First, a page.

Medicine and Pharmacology

Mefloquine HCl is available as 250-mg tablets (equivalent to 228.0 mg of the free base). The presence of food significantly enhances the rate and extent of absorption. About 98% of the drug binds to protein. Mefloquine is excreted mainly in the bile and feces. therefore, no dose adjustment is needed in persons with renal insufficiency. The drug and its main metabolite are not appreciably removed by hemodialysis. No special chemoprophylactic dosage adjustments are indicated for dialysis patients to achieve plasma concentrations similar to those in healthy persons. Pharmacokinetic differences have been detected between various ethnic populations. In practice, however, these are of minor importance compared with host immune status and parasite sensitivity. In patients with impaired liver function, the elimination of mefloquine may be prolonged, leading to higher plasma levels (U.S.A Food and Drug Administration Guide for Larium 2003).
Mefloquine should be used with caution in individuals participating in activities requiring alertness and fine-motor coordination e.g., driving, piloting aircraft, operating machinery, and deep-sea diving. If the drug is to be administered for a prolonged period, periodic evaluations are recommended, including liver function tests and ophthalmic examinations. Sleep abnormalities such as insomnia, abnormal dreams have occasionally been reported. Psychosis and seizures occur rarely. mefloquine should not be prescribed to patients with neuropsychiatric conditions, including depression, generalized anxiety disorder, psychosis, schizophrenia, and seizure disorder. If acute anxiety, depression, restlessness, or confusion develops during prophylaxis, these psychiatric symptoms may be considered prodromal to a more serious event, and the drug should be discontinued (Weinke et al., 1991)
Importance of the drug and relevance to the topic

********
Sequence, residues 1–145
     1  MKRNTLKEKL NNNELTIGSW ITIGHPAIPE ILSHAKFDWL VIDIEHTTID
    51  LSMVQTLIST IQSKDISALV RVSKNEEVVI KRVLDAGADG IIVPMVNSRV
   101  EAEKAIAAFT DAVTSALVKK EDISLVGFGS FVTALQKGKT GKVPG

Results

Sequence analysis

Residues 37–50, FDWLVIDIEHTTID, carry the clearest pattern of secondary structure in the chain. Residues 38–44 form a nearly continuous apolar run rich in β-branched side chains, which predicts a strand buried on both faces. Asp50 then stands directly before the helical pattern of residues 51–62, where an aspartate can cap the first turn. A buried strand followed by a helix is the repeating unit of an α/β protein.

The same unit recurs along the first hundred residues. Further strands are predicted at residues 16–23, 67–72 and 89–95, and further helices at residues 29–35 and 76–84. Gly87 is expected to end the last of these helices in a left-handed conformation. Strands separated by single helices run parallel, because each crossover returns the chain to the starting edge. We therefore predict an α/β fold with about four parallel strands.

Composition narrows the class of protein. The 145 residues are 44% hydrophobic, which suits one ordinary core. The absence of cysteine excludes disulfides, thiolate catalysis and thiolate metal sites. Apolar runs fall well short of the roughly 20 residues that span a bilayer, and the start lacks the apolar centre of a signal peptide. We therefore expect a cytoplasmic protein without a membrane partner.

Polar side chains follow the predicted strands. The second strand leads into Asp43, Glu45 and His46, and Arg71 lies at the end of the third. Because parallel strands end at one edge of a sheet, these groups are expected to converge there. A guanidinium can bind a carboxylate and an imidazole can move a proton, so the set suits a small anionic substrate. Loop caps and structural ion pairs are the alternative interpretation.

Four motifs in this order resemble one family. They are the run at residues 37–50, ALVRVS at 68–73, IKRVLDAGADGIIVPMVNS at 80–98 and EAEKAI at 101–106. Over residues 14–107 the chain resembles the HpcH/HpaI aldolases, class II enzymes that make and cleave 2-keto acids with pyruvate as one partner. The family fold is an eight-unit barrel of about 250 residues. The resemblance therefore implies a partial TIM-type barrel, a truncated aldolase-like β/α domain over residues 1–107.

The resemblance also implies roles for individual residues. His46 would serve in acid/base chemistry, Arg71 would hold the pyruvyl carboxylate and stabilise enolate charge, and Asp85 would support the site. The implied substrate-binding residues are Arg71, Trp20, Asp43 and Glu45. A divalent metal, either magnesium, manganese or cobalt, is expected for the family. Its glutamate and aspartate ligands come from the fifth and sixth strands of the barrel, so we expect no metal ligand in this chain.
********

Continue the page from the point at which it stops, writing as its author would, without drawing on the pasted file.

Mefloquine given 250 mg of salt weekly in an adult dose has been the antimalarial prophylactic agent of choice for much of the tropics because it is usually effective against multidrug-resistant falciparum malaria and is reasonably well tolerated. Mild nausea, dizziness, fuzzy thinking, disturbed sleep patterns, vivid dreams, and malaise are relatively common. Although rare, due to its potential increased use, the occurrences of neuropsychiatric side effects have come into attention. Approximately 1 in every 10,000 recipients develops an acute reversible neuropsychiatric reaction manifested by confusion, psychosis, convulsions, or encephalopathy. Therefore questions arise whether this should be used. This is a debatable issue, and it would be worthwhile to find out research evidence on this topic (Steffen et al., 1993).
Review of Literature
Mefloquine is the most effective medicine in the prophylaxis and treatment of malaria. However, neuropsychiatric side-effects can more often be seen with the use of mefloquine compared to other anti-malaria drugs. Murai et al. (2005) studied the neuropsychiatric symptoms caused by mefloquine on report from several cases. After analysis of the data the authors assume, that besides the